We look forward to the demise of the physician's file cabinet, where inch-thick files make quick reference difficult and impede the communication between family practitioner, a hospital and the several specialists who are a part of many peoples' lives. That paper file should be on a hard drive, where instant dissemination and computer search functions are possible. With the technology of the 21st century, Americans will be more apt to receive better health care.
In this, the military will be leading the way.
According to a recent news story, the Defense Department and the Department of Veterans Affairs will begin working on a combined data-management system that will hold administrative and health information for the military services' men and women. The electronic record keeping will begin with military recruits and continue through retirement and the receipt of any veterans' services. The electronic record keeping will more easily accompany reassigned troops during active duty and facilitate the delivery of veterans' services, if need be. It is not difficult to imagine an individual accumulating 65 years of health records, from enlistment at age 22 until death at 87, that will be accessible from the patient's location with a few keystrokes.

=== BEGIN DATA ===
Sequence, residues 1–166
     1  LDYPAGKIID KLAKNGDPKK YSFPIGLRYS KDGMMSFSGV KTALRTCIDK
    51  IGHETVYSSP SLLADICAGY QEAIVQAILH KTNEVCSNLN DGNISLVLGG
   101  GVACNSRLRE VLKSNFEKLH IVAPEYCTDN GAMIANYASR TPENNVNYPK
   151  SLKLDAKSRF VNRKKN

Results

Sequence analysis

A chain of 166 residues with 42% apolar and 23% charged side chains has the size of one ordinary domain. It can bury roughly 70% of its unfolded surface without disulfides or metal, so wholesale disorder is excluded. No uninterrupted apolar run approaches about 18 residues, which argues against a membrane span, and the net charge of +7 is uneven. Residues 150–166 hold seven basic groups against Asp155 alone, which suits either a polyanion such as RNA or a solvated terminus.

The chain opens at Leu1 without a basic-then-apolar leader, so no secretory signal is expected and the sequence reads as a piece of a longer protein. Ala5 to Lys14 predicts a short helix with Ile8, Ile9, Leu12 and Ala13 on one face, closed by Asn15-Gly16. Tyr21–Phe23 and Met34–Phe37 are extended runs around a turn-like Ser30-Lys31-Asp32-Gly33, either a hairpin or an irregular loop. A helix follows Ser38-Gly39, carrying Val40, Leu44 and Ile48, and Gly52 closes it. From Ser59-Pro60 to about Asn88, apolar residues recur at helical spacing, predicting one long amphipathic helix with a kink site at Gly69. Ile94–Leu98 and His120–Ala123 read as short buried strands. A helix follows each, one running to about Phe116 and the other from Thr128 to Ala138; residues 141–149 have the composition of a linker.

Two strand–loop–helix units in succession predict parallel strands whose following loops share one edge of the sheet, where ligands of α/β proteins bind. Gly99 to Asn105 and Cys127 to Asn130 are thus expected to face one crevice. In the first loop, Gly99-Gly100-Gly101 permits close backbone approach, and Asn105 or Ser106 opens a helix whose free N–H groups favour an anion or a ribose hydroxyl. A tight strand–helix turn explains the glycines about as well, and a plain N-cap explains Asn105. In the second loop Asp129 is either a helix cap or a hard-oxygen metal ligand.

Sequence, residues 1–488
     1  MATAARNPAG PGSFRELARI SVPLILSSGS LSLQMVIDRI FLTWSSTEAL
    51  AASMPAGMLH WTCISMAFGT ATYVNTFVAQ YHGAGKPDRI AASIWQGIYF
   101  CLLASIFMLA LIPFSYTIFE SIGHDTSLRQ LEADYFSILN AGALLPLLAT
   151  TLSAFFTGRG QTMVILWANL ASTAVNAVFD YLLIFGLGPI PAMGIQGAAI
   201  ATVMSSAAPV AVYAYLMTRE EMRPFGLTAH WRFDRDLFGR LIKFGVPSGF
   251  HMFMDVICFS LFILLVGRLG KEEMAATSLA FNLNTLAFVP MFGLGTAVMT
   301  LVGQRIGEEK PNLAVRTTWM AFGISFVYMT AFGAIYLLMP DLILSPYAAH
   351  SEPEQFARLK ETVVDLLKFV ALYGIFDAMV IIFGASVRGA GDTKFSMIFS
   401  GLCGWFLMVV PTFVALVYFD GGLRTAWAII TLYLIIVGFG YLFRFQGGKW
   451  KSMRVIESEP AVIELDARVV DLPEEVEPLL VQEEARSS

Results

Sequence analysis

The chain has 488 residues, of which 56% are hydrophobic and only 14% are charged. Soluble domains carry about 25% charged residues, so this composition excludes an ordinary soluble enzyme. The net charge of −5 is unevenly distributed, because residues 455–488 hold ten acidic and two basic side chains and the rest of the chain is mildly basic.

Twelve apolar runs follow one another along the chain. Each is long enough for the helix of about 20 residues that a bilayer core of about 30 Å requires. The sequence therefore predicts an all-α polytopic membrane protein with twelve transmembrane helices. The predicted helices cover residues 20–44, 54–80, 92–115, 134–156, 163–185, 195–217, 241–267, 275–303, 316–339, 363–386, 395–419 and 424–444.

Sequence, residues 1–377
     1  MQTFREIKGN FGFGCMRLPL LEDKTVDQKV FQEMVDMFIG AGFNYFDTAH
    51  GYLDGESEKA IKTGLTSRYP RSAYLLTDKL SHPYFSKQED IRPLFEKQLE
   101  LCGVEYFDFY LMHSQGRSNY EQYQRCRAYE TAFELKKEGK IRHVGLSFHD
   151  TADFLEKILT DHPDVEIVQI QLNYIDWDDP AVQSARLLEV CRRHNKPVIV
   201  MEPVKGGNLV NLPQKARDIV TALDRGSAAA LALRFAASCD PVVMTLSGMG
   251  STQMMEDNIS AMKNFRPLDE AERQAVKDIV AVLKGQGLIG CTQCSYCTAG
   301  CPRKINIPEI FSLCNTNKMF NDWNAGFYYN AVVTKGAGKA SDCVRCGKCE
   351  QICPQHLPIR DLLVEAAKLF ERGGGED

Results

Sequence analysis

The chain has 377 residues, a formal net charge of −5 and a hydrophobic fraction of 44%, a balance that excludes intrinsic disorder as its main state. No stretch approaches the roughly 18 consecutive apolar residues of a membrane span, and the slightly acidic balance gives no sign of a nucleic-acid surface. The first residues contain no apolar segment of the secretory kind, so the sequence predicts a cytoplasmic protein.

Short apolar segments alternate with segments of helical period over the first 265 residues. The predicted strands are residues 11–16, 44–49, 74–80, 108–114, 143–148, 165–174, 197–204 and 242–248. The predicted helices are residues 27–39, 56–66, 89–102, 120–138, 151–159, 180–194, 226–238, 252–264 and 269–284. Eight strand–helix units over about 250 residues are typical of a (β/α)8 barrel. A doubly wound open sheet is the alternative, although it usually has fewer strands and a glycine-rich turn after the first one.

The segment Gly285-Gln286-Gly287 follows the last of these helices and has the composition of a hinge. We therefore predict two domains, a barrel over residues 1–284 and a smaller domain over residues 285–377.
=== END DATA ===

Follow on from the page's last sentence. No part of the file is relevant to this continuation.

That this health-care record keeping initiative by the military could serve as a precursor for maintaining health records for the general population is clear.
Also equally intriguing, too, is how searchable health data - with individuals' names protected - might improve insights into national health-care issues. State and federal surveys, research centers and extrapolating from hospital reports now gives direction to those who direct the nation's broad health-care efforts. Access to databases from millions of patients - while keeping names secret - would provide more accurate and quicker decision making. That could result in the delivery of more targeted health care, with better results, and likely at a savings in cost.
Doctors initially were resistant to converting paper files into electronic records. There is no standard format yet, and the scanning would be slow and expensive. Protecting patient privacy is ingrained in the medical community, and some doctors have real concerns about the risks of making health-care records so accessible from a distance. But we would hope that sooner rather than later there would be agreement on common software, and that federal incentives might offset some of the costs.
The military does move slowly, so it is uncertain to us how long it will take to make significant progress on introducing the electronic record keeping. But that the military has made that commitment is sure to accelerate the debate over putting civilian heath-care records into electronic formats. The sooner the better, we say.